• @michau Whether Time supports leap seconds or not depends on your OS & timezone configuration. For example: TZ=right/UTC ruby -e 'p Time.new(2012,6,30,23,59,60,0)' => 2012-06-30 23:59:60 +0000 whereas TZ=UTC ruby -e 'p Time.new(2012,6,30,23,59,60,0)' => 2012-07-01 00:00:00 +0000. – Niels Ganser Jul 24 '19 at 7:02
  • 1
    Note that The Ruby Style Guide now states Don’t use DateTime unless you need to account for historical calendar reform – Paul van Leeuwen Dec 30 '19 at 19:31

I think the answer to "what's the difference" is one of the unfortunate common answers to this question in the Ruby standard libraries: the two classes/libs were created differently by different people at different times. It's one of the unfortunate consequences of the community nature of Ruby's evolution compared to carefully planned development of something like Java. Developers want new functionality but don't want to step on existing APIs so they just create a new class - to the end user there's no obvious reason for the two to exist.

This is true for software libraries in general: often the reason some code or API is the way it is turns out to be historical rather than logical.

The temptation is to start with DateTime because it seems more generic. Date... and Time, right? Wrong. Time also does dates better, and in fact can parse timezones where DateTime can't. Also it performs better.

I've ended up using Time everywhere.

To be safe though, I tend to allow for DateTime arguments to be passed into my Timey APIs, and either convert. Also if I know that both have the method I'm interested in I accept either, like this method I wrote for converting times to XML (for XMLTV files)

# Will take a date time as a string or as a Time or DateTime object and
# format it appropriately for xmtlv. 
# For example, the 22nd of August, 2006 at 20 past midnight in the British Summertime
# timezone (i.e. GMT plus one hour for DST) gives: "20060822002000 +0100"
def self.format_date_time(date_time)
  if (date_time.respond_to?(:rfc822)) then
    return format_time(date_time)
    time = Time.parse(date_time.to_s)
    return format_time(time)

# Note must use a Time, not a String, nor a DateTime, nor Date.
# see format_date_time for the more general version
def self.format_time(time)
  # The timezone feature of DateTime doesn't work with parsed times for some reason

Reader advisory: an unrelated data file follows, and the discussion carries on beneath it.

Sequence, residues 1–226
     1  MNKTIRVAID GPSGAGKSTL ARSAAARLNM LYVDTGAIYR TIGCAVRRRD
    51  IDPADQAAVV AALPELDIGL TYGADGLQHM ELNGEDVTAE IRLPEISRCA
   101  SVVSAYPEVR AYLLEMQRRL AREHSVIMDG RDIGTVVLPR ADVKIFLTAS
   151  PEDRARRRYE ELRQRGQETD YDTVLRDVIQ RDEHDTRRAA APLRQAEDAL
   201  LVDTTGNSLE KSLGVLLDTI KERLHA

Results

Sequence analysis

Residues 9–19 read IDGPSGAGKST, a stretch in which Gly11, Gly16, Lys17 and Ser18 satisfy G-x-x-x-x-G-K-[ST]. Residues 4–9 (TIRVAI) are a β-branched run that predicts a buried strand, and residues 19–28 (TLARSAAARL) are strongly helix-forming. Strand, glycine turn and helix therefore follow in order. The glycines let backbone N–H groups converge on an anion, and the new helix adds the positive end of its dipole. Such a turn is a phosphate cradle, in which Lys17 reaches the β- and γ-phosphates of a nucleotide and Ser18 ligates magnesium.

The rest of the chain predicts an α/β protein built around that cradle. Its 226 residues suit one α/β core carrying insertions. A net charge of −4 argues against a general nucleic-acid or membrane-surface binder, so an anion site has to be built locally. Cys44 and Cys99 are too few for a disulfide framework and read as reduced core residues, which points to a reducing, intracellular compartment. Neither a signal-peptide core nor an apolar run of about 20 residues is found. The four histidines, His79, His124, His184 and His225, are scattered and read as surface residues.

# and the timezone of Time is verbose like "GMT Daylight Saving Time", so the only
  # way I've discovered of getting the timezone in the form "+0100" is to use 
  # Time.rfc822 and look at the last five chars
  return "#{time.strftime( '%Y%m%d%H%M%S' )} #{time.rfc822[-5..-1]}"
  • 8
    Also, Time.new and DateTime.new are dealing with time zone differently. I'm on GMT+7, so Time.new(2011, 11, 1, 10, 30) produces 2011-11-01 10:30:00 +0700 while DateTime.new(2011, 11, 1, 10, 30) produces Tue, 01 Nov 2011 10:30:00 +0000. – Phương Nguyễn Oct 25 '11 at 4:47
  • 22
    And as we all know, the carefully planned development of Java resulted in exclusively simple, logical APIs. – pje Oct 16 '12 at 19:44
  • @PhươngNguyễn: Will you please add that as an answer so that I can up-vote it? That is precisely the reason I decided to choose Time over DateTime. – Senseful Apr 7 '13 at 23:11
  • @Senseful Sorry I haven't get your message till now. People already give some upvotes to my comment so I think it's cool here. – Phương Nguyễn Aug 17 '14 at 13:59
  • @PhươngNguyễn Hi, any ideas how/why this difference in time zones? where is it taking the offset from ? – Joel_Blum Jul 24 '19 at 15:11

I found such things like parsing and calculating the beginning/end of a day in different timezones are easier to do with DateTime, assuming you are using the ActiveSupport extensions.

In my case I needed to calculate the end of the day in a user's timezone (arbitrary) based on the user's local time which I received as a string, e.g. "2012-10-10 10:10 +0300"

With DateTime it's as simple as

irb(main):034:0> DateTime.parse('2012-10-10 10:10 +0300').end_of_day
=> Wed, 10 Oct 2012 23:59:59 +0300